Since this was a report of levitation of a table without contact, it obviously cannot be explained through Faraday's “ideomotor effect” of subconscious muscle movement. Shockingly, the phenomenon of table turning had stood up well to rigorous scientific experiments, with the investigators finding it to be a mysterious paranormal reality rather than something they could debunk.

Something similar was reported in 1855 by Eliab Wilkinson Capron, who reported that a “table moved on the floor with nobody touching it – moved to the distance of a foot or more and back, in various directions.” In 1869 the London Dialectical Society (a rationalist organization) launched a major scientific investigation of phenomena such as table turning. It concluded that “movements of heavy bodies take place without mechanical contrivance of any kind or adequate exertion of muscular force by the persons present, and frequently without contact or connection with any person.” 

Excerpts of the report of the committee can be read here, and the entire report can be read here. Below are some quotes from the report (go to this link to see the place in the report from which I quote).

  1. "Thirteen witnesses state that they have seen heavy bodies-in some instances men—rise slowly in the air and remain there for some time without visible or tangible support.
  2. Fourteen witnesses testify to having seen hands or figures, not appertaining to any human being, but life-like in appearance and mobility, which they have sometimes touched or even grasped, and which they are therefore convinced were not the result of imposture or illusion.
  3. Five witnesses state that they have been touched, by some invisible agency, on various parts of the body, and often where requested, when the hands of all present were visible.
  4. Thirteen witnesses declare that they have heard musical pieces well played upon instruments not manipulated by an ascertainable agency.
  5. Five witnesses state that they have seen red-hot coals applied to the hands or heads of several persons without producing pain or scorching; and three witnesses state that they have had the same experiment made upon themselves with the like immunity.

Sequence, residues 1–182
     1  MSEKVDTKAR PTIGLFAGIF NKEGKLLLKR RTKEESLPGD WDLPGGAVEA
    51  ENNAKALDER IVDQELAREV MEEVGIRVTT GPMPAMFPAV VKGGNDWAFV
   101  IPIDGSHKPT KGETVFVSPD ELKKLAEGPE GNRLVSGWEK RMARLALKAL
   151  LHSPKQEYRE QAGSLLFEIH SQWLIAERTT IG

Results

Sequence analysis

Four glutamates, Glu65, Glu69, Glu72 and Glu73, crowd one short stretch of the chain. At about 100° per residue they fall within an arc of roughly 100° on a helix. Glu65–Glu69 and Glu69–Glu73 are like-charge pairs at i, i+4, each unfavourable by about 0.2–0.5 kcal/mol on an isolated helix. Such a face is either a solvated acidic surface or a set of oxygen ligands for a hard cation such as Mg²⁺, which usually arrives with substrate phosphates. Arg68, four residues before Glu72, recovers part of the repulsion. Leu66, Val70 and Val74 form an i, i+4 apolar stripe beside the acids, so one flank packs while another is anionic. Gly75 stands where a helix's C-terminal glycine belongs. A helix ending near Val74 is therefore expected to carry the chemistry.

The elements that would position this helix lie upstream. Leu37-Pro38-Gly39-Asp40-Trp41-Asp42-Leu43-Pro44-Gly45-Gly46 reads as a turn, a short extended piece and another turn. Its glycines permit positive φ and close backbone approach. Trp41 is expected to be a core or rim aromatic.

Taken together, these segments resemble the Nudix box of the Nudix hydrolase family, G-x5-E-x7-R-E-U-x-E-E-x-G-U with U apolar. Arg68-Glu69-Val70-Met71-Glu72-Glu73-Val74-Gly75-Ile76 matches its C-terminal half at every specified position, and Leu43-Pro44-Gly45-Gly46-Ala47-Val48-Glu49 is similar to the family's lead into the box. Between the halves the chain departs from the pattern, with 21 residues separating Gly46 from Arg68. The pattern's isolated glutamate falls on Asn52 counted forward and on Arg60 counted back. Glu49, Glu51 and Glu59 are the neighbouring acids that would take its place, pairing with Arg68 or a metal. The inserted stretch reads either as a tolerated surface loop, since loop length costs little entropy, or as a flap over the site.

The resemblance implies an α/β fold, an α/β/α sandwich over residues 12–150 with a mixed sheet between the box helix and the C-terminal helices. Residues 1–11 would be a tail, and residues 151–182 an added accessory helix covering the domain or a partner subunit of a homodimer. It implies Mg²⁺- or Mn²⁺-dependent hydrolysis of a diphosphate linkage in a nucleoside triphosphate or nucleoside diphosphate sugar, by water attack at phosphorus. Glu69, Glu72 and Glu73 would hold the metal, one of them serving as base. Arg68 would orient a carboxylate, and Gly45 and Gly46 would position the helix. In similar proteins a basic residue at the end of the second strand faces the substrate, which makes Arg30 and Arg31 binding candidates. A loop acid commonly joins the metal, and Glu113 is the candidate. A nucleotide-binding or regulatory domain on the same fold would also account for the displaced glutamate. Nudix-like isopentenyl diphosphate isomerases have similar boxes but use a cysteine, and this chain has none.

6. Eight witnesses state that they have received precise information through rappings, writings, and in other ways, the accuracy of which was unknown at the time to themselves or to any persons present, and which, on subsequent inquiry was found to be correct.
  7. One witness declares that he has received a precise and detailed statement which, nevertheless, proved to be entirely erroneous.
  8. Three witnesses state that they have been present when drawings, both in pencil and colours, were produced in so short a time, and under such conditions as to render human agency impossible.
  9. Six witnesses declare that they have received information of future events and that in some cases the hour and minute of their occurrence have been accurately foretold, days and even weeks before."

Flammarion states that the committee included "physicists, chemists, astronomers and naturalists, several of them members of the London Royal Society."  At this place in the report, the committee made the following general conclusions:

"These reports, hereto subjoined, substantially corroborate each other, and would appear to establish the following propositions:—
1. That sounds of a varied character, apparently proceeding from articles of furniture, the floor and walls of the room (the vibrations accompanying which sounds are often distinctly perceptible to the touch) occur, without [Pg 292]being produced by muscular action or mechanical contrivance.